Several major Indian companies are headquartered in Mumbai. The three largest private companies in India, Tata Group, Reliance Industries, and Aditya Birla Group, are based in Mumbai. Below is a list of some of these major companies:

Company Revenue (billion US$)
Tata Group 103
Reliance Industries 75
Aditya Birla Group 43.5
Hindustan Petroleum 34.44
Bharat Petroleum 39.45
State Bank of India 47.9
Reserve Bank of India 402.86
ICICI Bank 13.52
Larsen & Toubro 16.0
Reliance ADAG 15.4
Essar Group 39.0
HDFC Bank 12.48
Axis Bank 9.42
Bank of Baroda 5.51
Bank of India 5.44
IDBI Bank 4.61
Union Bank of India 4.12
Hindalco Industries 14.0
Bajaj Group 6.69
Godrej Group 3.7
Mahindra Group 15.9
JSW Group 7
RPG Group 4.01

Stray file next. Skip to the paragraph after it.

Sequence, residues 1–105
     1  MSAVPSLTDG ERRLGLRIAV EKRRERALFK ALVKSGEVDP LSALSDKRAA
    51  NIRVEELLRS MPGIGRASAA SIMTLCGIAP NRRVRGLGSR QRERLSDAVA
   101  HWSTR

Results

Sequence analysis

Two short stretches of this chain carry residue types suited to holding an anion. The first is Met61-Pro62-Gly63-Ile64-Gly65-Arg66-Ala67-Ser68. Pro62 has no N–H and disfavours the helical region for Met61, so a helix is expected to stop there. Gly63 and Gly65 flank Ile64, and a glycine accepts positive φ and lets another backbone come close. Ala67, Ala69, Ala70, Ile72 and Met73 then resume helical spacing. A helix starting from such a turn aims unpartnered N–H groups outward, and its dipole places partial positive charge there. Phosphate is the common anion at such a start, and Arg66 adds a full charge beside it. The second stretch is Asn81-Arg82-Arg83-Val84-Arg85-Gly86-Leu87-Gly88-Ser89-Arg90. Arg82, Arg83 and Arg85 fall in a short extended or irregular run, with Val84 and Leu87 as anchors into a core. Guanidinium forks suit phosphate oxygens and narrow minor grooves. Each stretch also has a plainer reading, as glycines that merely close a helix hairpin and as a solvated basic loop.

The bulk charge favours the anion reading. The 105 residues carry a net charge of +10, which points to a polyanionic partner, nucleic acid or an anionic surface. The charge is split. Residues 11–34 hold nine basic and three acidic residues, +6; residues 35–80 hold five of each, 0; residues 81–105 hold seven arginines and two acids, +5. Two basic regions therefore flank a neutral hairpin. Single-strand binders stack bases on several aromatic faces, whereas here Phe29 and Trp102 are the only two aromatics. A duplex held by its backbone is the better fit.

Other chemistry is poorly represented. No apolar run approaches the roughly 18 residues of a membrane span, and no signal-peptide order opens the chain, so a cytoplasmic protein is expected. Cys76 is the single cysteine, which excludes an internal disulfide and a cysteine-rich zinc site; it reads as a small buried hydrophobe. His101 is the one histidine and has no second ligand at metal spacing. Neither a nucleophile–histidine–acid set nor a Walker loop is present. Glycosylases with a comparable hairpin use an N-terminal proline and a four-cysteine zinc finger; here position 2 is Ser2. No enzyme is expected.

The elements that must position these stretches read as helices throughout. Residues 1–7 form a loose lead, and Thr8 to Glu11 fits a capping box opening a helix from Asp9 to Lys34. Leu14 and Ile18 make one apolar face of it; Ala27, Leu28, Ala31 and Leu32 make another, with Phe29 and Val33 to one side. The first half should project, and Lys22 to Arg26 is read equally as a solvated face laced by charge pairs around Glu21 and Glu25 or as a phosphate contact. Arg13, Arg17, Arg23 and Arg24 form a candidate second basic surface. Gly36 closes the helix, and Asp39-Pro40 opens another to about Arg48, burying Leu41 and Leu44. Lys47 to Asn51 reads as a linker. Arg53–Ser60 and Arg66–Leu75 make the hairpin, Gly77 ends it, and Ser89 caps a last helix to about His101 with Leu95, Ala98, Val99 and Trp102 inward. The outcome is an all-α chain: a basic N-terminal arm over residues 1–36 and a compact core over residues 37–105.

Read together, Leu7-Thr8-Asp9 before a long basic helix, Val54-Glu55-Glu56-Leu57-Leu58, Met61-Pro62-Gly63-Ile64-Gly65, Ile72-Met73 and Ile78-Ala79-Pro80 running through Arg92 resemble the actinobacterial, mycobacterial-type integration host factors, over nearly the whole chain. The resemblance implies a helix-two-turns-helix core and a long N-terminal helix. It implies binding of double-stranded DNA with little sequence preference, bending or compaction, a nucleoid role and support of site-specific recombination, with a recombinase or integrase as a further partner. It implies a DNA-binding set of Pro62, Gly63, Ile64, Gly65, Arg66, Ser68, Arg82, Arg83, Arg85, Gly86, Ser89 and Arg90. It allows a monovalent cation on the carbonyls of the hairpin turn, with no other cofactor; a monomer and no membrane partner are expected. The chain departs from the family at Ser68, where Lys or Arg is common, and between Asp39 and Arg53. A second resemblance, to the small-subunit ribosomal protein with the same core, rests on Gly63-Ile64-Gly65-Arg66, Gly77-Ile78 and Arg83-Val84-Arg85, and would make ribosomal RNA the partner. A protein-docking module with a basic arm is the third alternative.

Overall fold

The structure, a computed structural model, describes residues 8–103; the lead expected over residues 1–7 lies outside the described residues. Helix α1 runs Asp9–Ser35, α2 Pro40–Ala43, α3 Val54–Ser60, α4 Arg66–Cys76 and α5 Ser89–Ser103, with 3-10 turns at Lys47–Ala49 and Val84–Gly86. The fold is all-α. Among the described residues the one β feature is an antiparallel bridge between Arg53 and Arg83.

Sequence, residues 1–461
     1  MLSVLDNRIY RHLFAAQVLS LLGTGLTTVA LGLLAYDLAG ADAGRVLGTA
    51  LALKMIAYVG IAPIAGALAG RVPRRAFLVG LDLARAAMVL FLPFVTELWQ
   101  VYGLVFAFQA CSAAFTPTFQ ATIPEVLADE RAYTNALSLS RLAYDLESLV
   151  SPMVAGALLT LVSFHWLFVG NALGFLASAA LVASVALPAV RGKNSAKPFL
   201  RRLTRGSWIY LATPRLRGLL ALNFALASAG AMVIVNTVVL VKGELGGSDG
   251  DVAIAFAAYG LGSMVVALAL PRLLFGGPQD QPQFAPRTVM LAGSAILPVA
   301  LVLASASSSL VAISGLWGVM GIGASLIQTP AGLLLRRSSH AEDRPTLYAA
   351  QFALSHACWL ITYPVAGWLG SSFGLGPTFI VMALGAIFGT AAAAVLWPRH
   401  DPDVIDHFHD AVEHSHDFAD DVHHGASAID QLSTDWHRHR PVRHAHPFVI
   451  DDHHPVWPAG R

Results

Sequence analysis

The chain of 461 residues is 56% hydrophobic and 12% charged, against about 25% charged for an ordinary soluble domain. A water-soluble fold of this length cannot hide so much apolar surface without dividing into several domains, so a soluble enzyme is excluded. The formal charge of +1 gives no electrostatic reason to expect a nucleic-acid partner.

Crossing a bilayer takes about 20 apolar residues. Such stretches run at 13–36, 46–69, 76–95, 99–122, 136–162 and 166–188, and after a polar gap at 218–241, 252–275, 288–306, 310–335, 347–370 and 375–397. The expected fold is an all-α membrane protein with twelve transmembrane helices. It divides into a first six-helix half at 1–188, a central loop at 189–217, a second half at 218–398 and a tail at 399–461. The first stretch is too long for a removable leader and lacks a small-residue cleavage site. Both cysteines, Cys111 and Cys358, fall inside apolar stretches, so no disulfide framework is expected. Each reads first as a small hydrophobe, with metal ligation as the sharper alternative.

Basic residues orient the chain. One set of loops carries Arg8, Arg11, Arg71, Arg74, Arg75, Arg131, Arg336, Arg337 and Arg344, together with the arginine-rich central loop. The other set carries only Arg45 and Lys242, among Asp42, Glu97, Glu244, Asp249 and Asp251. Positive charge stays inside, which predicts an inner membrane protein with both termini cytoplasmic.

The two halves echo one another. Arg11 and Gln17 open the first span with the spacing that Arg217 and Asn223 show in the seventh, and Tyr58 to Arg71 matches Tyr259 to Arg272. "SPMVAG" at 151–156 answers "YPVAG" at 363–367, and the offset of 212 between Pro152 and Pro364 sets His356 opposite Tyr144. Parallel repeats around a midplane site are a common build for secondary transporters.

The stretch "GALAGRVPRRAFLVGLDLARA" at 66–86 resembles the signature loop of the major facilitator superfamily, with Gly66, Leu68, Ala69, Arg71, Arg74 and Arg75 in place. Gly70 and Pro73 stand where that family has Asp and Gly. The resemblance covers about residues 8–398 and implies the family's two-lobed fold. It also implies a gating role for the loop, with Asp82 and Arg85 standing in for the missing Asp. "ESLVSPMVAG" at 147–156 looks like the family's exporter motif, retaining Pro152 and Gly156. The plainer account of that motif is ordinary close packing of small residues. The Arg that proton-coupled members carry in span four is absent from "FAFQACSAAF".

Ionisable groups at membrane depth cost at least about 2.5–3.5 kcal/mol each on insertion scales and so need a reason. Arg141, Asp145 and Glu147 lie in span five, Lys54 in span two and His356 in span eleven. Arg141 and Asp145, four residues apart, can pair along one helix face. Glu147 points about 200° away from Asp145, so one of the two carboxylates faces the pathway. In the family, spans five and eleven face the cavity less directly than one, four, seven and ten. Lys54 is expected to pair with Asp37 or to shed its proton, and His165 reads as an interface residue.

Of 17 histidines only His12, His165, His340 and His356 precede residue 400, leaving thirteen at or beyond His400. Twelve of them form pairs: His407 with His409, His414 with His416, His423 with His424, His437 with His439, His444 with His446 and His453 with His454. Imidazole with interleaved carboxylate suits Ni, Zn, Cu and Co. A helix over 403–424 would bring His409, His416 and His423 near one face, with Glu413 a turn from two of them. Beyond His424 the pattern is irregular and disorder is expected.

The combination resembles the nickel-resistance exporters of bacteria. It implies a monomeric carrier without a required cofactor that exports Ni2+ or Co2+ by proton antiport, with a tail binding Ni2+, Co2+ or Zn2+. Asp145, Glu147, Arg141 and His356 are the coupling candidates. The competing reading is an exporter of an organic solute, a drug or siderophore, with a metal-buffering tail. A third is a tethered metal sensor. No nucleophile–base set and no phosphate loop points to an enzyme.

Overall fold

Consumer Goods Industries[edit]

Mumbai is home to some of India's largest consumer packaged goods companies like Hindustan Unilever,[7] Procter & Gamble,[8] Nivea,[9] Colgate-Palmolive,[10] Godrej Consumer Products [11] and many more.



The World Travel & Tourism Council calculated that tourism generated US$3.9 billion or 3.2% of the city's GDP in 2016 and supported 637,900 jobs, 7.3% of its total employment. The sector is predicted to grow at an average annual rate of 8.8% to US$9 billion by 2026 (3.1% of GDP). Mumbai's tourism industry accounted for 5.4% of India's total travel and tourism-related GDP in 2016, and employed 2.4% of the country's total workforce.[12]

Foreign tourists accounted for 35.7% of all tourism-related spending in Mumbai in 2016. Nearly one-fifth of foreign tourists visiting the city come from the United Arab Emirates.[12]